The History of Tombstone's Boothill Graveyard
In the early years Tombstone's Boot Hill Graveyard (1878-1884) was originally called the "City Cemetery". After the city built the Tombstone Cemetery on the west end of Allen Street, the "City Cemetery" was then called the old cemetery. Sometime around 1929 and the towns first Helldorado Days, people started calling the "Old Cemetery" Boot Hill Graveyard.
Its occupants ran the spectrum of all the cultures and nationalities of early Tombstone.
Cowboys who "died with their boots on" lie next to housewives, business men and women, miners, gamblers, ladies of the "red-light district" and all the famous and not so famous occupants that contributed to Tombstone's early history. Click here to see more Wild West Photos!
By the 1920s, Boothill had fallen into ruin with many
grave markers lost or unreadable. A group of citizens in
Tombstone and Cochise County began the task of researching old burial records, consulting with relatives, older residents, and using all means available to identify the occupants and mark the graves properly.
The task took several years and the efforts of many to accomplish. This resulted in the graveyard being restored much as it was in the early years when it was the city cemetery. Click here to see more Boothill Photos!
The town also housed a few theaters, with the most prominent of those theaters being the Bird Cage Theatre, as well as Schieffelin Hall. The Bird Cage Theatre was more than just a theater it was a gambling hall, saloon as well as a brothel. Any woman with self-respect wouldn’t step foot inside the Bird Cage Theatre. Click here to see more Bird Cage Theatre Photos!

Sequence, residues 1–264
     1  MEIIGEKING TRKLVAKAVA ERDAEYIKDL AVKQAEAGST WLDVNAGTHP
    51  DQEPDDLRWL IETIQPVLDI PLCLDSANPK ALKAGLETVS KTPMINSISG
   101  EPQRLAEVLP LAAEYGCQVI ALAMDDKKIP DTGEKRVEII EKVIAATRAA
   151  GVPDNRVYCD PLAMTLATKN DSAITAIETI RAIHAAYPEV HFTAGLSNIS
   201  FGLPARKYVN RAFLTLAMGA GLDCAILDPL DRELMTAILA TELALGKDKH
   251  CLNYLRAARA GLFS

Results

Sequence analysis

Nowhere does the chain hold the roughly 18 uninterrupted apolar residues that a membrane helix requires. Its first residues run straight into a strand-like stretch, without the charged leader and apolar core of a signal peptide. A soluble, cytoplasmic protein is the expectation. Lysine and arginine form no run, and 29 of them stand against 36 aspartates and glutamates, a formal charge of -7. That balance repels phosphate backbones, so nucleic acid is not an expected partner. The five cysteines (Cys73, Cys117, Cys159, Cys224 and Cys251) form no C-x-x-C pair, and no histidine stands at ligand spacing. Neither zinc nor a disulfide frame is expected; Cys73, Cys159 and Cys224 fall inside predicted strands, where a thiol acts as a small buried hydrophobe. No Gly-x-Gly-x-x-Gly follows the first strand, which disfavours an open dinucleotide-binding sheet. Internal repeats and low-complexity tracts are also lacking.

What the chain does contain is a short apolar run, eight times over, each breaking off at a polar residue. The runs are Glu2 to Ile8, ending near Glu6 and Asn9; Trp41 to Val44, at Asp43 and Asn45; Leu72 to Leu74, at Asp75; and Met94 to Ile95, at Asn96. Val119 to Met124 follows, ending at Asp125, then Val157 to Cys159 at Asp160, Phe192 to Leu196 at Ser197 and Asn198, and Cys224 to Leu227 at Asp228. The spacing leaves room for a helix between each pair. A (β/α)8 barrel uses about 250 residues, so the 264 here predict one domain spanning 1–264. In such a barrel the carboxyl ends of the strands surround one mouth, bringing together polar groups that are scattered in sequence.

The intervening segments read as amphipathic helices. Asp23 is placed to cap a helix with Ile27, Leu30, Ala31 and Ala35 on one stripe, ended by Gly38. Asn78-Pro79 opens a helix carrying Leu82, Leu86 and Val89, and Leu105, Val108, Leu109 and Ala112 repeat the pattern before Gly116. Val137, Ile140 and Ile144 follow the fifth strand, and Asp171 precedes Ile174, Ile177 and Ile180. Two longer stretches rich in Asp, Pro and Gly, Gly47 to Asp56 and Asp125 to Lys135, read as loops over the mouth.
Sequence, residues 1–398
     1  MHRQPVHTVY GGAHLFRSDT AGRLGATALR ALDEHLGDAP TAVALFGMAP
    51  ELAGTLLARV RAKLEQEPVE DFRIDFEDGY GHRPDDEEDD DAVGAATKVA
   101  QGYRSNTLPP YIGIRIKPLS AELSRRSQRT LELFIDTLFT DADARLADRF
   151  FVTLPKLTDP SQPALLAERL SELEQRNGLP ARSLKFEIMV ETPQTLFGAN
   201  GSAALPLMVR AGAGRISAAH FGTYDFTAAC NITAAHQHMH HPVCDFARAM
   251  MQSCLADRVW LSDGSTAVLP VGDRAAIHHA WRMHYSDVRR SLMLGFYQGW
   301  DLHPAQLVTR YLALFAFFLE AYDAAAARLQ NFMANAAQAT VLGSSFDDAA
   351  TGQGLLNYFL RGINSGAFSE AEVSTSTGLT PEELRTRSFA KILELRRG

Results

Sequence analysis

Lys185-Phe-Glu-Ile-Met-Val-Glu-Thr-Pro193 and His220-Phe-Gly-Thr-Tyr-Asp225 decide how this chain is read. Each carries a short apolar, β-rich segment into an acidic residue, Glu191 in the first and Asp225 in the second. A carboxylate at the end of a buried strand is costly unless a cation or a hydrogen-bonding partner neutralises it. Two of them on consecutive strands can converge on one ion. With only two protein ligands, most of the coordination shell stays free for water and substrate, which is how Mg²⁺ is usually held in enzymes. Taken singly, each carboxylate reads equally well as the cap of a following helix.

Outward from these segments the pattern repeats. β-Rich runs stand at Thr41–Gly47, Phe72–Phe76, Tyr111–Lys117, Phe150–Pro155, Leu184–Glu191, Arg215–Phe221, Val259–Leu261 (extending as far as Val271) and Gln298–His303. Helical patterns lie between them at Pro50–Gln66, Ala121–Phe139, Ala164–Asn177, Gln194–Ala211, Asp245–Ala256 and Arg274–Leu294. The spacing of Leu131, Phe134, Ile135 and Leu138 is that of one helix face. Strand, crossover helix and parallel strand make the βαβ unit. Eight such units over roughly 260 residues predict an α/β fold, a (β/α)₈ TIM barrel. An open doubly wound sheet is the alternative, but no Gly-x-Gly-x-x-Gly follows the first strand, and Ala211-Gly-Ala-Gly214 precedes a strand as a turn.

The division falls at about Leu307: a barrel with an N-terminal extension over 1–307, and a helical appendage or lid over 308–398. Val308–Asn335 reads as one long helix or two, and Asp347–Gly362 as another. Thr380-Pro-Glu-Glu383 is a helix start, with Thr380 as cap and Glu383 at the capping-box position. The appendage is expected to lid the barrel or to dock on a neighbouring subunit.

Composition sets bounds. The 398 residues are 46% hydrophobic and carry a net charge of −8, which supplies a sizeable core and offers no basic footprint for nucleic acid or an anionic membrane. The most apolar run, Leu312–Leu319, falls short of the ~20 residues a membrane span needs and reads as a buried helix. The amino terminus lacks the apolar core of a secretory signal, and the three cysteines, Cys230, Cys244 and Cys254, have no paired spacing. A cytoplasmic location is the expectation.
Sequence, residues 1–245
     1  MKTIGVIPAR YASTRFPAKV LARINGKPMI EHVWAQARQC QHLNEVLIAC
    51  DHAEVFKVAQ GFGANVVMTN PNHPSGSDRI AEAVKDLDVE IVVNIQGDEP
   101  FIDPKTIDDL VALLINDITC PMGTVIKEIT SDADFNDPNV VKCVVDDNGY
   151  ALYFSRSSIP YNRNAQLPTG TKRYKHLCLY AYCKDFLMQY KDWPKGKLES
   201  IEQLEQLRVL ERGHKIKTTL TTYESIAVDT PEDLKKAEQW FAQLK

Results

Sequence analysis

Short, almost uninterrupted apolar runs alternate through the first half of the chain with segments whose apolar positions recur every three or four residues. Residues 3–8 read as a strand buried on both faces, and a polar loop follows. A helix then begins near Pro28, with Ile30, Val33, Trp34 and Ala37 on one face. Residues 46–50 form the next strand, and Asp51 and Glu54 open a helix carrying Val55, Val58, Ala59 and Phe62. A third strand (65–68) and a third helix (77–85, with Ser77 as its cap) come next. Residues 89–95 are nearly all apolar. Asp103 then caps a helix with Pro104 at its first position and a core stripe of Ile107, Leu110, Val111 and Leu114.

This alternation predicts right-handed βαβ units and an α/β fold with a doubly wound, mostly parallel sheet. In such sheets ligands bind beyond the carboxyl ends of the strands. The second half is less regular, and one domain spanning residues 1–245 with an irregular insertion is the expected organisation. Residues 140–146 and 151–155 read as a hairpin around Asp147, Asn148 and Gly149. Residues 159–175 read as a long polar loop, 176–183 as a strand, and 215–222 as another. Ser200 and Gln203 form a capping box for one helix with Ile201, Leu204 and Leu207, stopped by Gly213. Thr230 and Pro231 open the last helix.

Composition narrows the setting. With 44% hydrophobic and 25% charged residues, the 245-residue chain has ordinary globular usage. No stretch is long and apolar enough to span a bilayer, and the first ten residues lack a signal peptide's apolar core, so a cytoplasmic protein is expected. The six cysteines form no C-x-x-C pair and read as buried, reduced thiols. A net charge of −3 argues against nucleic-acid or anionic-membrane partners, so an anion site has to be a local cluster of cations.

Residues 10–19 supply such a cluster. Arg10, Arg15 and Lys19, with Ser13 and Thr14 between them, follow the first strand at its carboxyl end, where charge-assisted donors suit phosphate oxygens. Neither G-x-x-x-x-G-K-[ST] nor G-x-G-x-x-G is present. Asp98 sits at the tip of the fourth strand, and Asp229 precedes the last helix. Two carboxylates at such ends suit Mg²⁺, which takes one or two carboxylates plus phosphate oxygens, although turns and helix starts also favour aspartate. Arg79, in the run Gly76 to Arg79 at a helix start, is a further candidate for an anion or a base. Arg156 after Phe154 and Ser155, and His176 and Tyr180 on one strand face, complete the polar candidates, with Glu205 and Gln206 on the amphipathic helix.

“Respectable” individuals in the town went to Schieffelin Hall for entertainment. In June of 1881, the Schieffelin Hall was opened and built by Al, the brother of Ed Schieffelin. It was used as more than a theater, as it was also a recital hall as well as a meeting venue for citizens of Tombstone..,This building is considered the largest adobe structure standing In the Southwest U.S. Wyatt and Morgan Earp were both at a performance at the Schieffelin Hall when Morgan was shot dead by the bullet of an assassin. This building is still used today by civic groups and city government. Click here to see more Ed Schieffelin Photos!
In the 1880s, there was two large fires that went through the city. Reportedly, one of the fires was at the Arcade Saloon and began when a whiskey barrel was ignited by a cigar. The fire, which occurred in June of 1881, destroyed more than 60 downtown businesses. The town was able to rebuild and continue to grow. However, just short of a year later, a second fire ignited in downtown destroying, again, a large section of the downtown businesses. But, the town rebuilt once again.
The Gunfight at the O.K. Corral is the most famous Tombstone event, although it happened in a Fremont Street vacant lot and not the O.K. Corral. The event took place on October 26, 1881, when the Cowboys had a bit of a run-in with a few Earps – Morgan, Virgil and Wyatt. Not even 30 seconds and about 30 gun shots later, Frank and Tom McLaury and Billy Clanton were dead. For many, it is believed that it this sole event that has kept the city of Tombstone alive. Click here to see more Wild West Photos!